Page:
- Data for Progress found that 67% of voters support banning lawmakers from trading stocks.
- That figure jumped to 74% when voters were given reasons for and against a ban.
- But Pelosi continues to resist a ban, opting to consider raising penalties for STOCK Act violations.
A poll has found a sweeping majority of voters in favor of banning members of Congress from trading stocks, adding to arguments in favor of regulating lawmaker’s trades after an Insider investigation.
According to new polling conducted by the progressive firm Data for Progress, 67% of voters support such a ban, a figure that increases to 74% when respondents are given arguments in favor and against the idea.
Asked if they would support or oppose a bill that would ban members of Congress and their senior congressional staff from buying and selling individual stocks, 43% of voters said they strongly supported a ban, while another 24% were somewhat supportive.
Respondents were then given arguments in favor of such a ban — including lawmakers’ access to non-public information and the need to instill public trust — as well as against, including that such a ban could impact retirement accounts and is unnecessary as most lawmakers follow rules around trading. Support then jumped to 74%, while just 19% said they would oppose such a bill.
The poll, conducted from January 12 to 15, including 1,266 likely voters and had a margin of error of 3 percentage points.
That polling is largely consistent with a survey the group previously conducted in March, as well as recent polling from the conservative group Convention of States Action and the Campaign Legal Center.
Several proposals to ban stock trading have emerged in the last week, including a bill sponsored by Democratic Sens. Jon Ossoff of Georgia and Mark Kelly of Arizona that would require lawmakers to place individual stocks into a blind trust. Republican Sen. Josh Hawley of Missouri introduced a competing proposal on the same day, and other proposals, including one put forth by Democratic Rep. Angie Craig of Minnesota would ban holding stock entirely.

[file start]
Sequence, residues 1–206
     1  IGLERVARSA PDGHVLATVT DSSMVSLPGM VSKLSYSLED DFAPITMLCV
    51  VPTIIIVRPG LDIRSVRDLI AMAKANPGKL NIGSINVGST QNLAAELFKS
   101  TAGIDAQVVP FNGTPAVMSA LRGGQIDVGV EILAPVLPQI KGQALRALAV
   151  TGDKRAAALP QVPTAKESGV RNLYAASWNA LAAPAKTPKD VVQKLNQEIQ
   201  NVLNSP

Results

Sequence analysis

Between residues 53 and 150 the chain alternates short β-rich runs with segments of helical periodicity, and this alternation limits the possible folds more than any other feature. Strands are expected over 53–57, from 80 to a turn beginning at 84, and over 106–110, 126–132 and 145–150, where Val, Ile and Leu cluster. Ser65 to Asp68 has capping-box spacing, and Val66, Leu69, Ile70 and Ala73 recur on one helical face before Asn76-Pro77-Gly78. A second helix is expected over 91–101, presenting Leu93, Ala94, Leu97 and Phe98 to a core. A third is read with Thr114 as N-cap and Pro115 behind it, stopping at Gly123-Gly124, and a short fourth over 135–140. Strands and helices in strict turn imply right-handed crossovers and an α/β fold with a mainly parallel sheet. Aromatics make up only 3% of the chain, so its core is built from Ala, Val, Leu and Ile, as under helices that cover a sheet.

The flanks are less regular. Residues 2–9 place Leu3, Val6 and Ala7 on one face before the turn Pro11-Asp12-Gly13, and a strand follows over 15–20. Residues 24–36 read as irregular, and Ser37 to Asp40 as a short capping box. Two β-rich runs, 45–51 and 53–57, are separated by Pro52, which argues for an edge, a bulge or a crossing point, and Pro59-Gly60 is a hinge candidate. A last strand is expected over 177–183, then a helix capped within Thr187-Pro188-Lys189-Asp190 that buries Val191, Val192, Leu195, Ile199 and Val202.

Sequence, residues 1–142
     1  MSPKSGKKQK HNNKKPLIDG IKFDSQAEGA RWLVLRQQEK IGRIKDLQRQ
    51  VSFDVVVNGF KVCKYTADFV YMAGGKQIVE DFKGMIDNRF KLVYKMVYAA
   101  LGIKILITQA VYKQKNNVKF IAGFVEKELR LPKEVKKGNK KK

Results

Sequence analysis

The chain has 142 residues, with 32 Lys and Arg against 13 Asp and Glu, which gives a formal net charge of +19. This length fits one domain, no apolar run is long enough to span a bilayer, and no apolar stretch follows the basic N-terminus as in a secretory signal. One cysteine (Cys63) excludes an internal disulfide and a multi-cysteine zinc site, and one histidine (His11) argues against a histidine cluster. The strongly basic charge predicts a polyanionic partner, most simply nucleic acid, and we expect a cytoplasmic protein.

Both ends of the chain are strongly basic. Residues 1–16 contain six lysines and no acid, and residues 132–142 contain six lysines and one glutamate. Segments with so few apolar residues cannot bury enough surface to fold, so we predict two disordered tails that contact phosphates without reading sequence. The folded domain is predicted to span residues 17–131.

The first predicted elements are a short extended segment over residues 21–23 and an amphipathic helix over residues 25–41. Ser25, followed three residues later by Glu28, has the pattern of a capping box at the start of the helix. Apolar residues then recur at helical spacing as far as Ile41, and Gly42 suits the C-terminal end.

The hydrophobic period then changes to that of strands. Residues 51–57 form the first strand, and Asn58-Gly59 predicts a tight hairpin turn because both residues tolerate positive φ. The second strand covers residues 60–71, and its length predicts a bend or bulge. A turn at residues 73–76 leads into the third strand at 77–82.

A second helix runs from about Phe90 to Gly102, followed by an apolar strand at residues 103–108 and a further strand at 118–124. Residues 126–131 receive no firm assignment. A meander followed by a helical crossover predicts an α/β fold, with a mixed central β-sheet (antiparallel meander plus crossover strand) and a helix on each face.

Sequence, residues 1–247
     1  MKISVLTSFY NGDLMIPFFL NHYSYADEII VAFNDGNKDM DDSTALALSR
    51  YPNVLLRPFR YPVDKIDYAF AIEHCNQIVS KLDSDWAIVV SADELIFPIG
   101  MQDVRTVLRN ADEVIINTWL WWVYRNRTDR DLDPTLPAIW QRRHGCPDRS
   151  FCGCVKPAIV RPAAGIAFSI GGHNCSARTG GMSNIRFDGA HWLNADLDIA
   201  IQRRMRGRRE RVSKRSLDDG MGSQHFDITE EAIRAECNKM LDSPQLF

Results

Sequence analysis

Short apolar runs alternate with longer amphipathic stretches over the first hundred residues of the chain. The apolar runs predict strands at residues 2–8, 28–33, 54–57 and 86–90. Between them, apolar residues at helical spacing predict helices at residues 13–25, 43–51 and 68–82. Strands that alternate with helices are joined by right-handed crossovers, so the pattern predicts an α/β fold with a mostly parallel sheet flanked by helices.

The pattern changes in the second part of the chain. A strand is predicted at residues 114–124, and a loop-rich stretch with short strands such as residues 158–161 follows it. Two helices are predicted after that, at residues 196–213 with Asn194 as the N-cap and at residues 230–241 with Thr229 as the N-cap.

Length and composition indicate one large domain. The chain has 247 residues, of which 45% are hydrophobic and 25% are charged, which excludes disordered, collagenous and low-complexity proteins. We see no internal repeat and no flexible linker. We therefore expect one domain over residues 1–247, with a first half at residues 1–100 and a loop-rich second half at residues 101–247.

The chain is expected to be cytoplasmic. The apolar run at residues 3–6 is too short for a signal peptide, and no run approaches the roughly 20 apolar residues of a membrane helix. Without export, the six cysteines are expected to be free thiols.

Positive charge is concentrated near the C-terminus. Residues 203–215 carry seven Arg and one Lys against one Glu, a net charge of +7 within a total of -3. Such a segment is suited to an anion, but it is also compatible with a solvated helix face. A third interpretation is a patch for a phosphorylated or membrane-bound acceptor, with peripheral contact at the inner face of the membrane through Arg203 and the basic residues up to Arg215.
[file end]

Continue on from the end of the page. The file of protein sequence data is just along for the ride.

On Thursday, House Speaker Nancy Pelosi asked the Committee on House Administration to consider harsher penalties for members and senior staff who violate the Stop Trading on Congressional Knowledge Act (STOCK Act), along with a review of potential violations by members. “The speaker believes that sunlight is the best disinfectant and has asked Committee on House Administration Chair Zoe Lofgren to examine the issue of Members’ unacceptable noncompliance with the reporting requirements in the STOCK Act,” said spokesman Drew Hammill.
That came after Insider’s Conflicted Congress investigation found dozens of lawmakers and 182 senior congressional staff had violated the law, which requires timely disclosure of stock purchases in order to counteract insider trading.
Asked about Insider’s project, Pelosi affirmed that members of Congress should report in a timely manner, but was dismissive of a broader stock trading ban. “We are a free-market economy. They should be able to participate in that,” she said.
Pelosi ranks among the wealthiest members of Congress. Though she does not personally trade stocks, her husband, Paul Pelosi, has invested millions of dollars in stocks that the speaker is required to disclose by law.
Amid reports that House Minority Leader Kevin McCarthy is supportive of a stock trading ban for members, House Democratic Caucus Chair Rep. Hakeem Jeffries slammed McCarthy while declining to take his own position on the issue. Senate Majority Leader Chuck Schumer also dodged the question when asked by Insider, though he did say he did not own stocks and thinks “that’s the right thing to do.”
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